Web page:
2021 Fall Academic Recognition Program

2021 Fall Academic Recognition Program
Pictured are Eddie Stewart, Eric Wetzel, Richard Burt, Betty McWhorter, Earlon McWhorter, and Vini Nathan
Prior to each home game during the 2021 football season, Auburn is recognizing on the field extraordinary Auburn programs and people leading life-changing research, industry partnerships, community engagement and an elevated student experience. On Saturday, Auburn recognized the McWhorter School of Building Science in the College of Architecture, Design and Construction for its robotic dog, Mac. Pictured, from left, are Caddell Construction President and CEO Eddie Stewart, Assistant Professor of Building Science Eric Wetzel, Richard Burt, head of the McWhorter School of Building Science, Betty McWhorter, Earlon McWhorter, namesake of the McWhorter School of Building Science and 1968 Auburn graduate, and Vini Nathan, McWhorter Endowed Chair and dean of the College of Architecture, Design and Construction.

Robotic dog advancing research, teaching, outreach as part of cutting-edge construction technology evolution

by Neal Reid

Aside from Auburn’s beloved mascot Aubie, perhaps nothing draws a crowd on campus these days more than the university’s coolest new addition: a robotic dog named Mac.

The Boston Dynamics-designed, four-legged agile robot—purchased by the McWhorter School of Building Science, or BSCI, in the College of Architecture, Design and Construction, or CADC—is a magnet for attention on the Plains. Weighing in at 80 pounds and standing almost 3 feet tall, Mac—named in honor of 1968 Auburn graduate Earlon McWhorter, whose name adorns the school—is a popular attraction wherever it goes.

“It draws a crowd, and people are always curious about Mac and want their photo taken with it,” said Eric Wetzel, an assistant professor of building science in charge of the Mac program.

Purchased this spring by BSCI, Mac already has been used on construction sites and in classrooms at Auburn. Wetzel said the robot has been utilized in research experiments on active construction sites, including the Tony and Libba Rane Culinary Science Center, conducting autonomous laser scans of rooms to capture completion percentage and provide 3D imaging useful to project managers and educators alike.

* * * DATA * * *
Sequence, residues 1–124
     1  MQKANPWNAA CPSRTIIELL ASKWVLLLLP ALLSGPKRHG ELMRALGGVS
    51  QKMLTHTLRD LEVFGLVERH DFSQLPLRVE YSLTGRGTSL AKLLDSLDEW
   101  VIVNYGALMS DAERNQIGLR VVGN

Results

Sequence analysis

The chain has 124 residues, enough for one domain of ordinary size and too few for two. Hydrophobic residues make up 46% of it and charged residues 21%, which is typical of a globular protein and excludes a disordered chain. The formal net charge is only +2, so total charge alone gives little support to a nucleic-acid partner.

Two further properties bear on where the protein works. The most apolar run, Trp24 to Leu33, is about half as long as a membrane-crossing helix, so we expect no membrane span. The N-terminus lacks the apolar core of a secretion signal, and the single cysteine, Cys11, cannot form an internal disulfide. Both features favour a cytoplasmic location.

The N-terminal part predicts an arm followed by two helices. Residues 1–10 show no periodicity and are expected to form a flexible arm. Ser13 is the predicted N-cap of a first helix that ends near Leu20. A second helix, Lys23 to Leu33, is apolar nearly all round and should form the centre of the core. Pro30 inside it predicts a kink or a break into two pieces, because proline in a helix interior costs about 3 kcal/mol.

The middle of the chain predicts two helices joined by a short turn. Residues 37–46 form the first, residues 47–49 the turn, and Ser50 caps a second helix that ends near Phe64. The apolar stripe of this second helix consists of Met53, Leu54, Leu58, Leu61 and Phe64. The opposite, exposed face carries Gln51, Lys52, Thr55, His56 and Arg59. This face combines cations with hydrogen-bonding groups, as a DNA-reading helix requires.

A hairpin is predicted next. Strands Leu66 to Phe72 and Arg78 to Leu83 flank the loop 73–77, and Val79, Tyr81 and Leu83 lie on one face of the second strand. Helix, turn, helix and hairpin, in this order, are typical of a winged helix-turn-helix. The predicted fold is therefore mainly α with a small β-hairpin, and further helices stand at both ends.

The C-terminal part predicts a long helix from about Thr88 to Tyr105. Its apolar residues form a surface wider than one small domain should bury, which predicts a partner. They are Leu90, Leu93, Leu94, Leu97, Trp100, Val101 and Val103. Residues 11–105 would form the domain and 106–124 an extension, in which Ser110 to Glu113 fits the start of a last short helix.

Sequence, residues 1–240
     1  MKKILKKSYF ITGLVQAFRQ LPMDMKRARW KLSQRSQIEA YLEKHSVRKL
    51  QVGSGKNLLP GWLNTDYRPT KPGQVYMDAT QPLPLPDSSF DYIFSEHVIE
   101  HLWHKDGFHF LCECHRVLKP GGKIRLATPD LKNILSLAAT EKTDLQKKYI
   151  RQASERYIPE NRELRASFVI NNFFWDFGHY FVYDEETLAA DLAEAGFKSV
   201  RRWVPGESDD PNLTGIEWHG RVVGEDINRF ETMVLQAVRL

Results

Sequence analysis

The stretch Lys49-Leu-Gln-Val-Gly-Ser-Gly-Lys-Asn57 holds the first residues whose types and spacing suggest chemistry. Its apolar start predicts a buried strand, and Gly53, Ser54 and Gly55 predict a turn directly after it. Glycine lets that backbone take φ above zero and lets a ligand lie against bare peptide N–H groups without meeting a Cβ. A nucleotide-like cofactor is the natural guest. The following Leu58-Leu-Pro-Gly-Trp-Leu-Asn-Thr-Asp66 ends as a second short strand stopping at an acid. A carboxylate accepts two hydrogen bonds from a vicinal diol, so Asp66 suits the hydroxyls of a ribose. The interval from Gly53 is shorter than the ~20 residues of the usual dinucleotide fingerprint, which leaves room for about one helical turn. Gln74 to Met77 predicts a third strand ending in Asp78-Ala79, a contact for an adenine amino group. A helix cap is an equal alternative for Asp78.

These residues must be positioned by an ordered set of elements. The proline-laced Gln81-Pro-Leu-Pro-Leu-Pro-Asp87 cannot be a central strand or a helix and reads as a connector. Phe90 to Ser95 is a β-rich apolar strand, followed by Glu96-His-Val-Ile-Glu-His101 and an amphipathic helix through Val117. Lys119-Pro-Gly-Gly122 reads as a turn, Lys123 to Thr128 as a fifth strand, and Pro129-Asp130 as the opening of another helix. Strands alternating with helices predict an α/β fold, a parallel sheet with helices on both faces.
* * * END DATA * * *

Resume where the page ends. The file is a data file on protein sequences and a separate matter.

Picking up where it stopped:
“We’re trying to use Mac in all three phases of the university mission—research, service and teaching,” said Wetzel, a 2019 recipient of the Alumni Undergraduate Teaching Excellence Award from the Auburn Alumni Association. “This is a very novel technology, especially on construction sites.”

Tech Revolution

Mac is part of a revolution of sorts in the construction world, with robotics being used more and more with each passing year as technology continues to improve.

“Within the last 10 years, we’ve seen this explosion in construction robotics,” Wetzel said. “Mac is representative of this shift, and it’s partially because the tech is good enough that it can now be useful on construction sites. Construction is suffering from a massive skilled-labor shortage that doesn’t seem to have a solution in the short term.

“If you can’t find people to lay brick or tie rebar, and we have the tech for robots, why not let robots do some of the work that’s repetitive and hard on the human body?”

Wetzel identified three main ways robots like Mac can be utilized in the construction world.

“If you think in generalities, robotics is most effective in three scenarios—a repetitive task that humans don’t necessarily like doing; a task that is harmful to humans that leads to injuries; and environments that are dangerous, like caves or buildings that are condemned,” he said. “When you look at a robot like Mac, you can check the box on all three.”

Mac the robotic dog at a construction site.
The College of Architecture, Design and Construction’s robotic dog Mac already has been used to gather data at construction sites on Auburn’s campus.

One-of-a-Kind Outreach, Research Tool

Not only is Mac a great tool Wetzel and his team are deploying out in the field, but also is a one-of-a-kind outreach and recruiting tool for CADC, BSCI, and the university. Wetzel has visited elementary schools, shared the robot with the International Officers School from Maxwell Air Force Base, was recently interviewed for a documentary on robotics and was part of the College of Sciences and Mathematics’ SCORE Robotics Camp at Beard-Eaves-Memorial Coliseum this summer.

“It’s massive,” Wetzel said of Mac’s outreach potential. “I could walk into a classroom at a high school or middle school and give the coolest spiel about building science, and a month later, students won’t remember me or maybe even what I talked about. But if I walk in with a robot, they’ll remember the robot. So, there’s no way you can quantify the impact on a 10-year-old, 12-year-old or 15-year-old.”

Wetzel’s team can’t help but be energized by the chance to work with Mac and explore new horizons of research and discovery.

“As a researcher, it’s a dream type of assignment,” Wetzel said. “To have such a novel piece of equipment at our disposal at the McWhorter School of Building Science, it doesn’t happen that frequently.

“Not to mention, it’s a 3-foot robot that walks by itself. What’s cooler than that?”

Last updated: February 24, 2022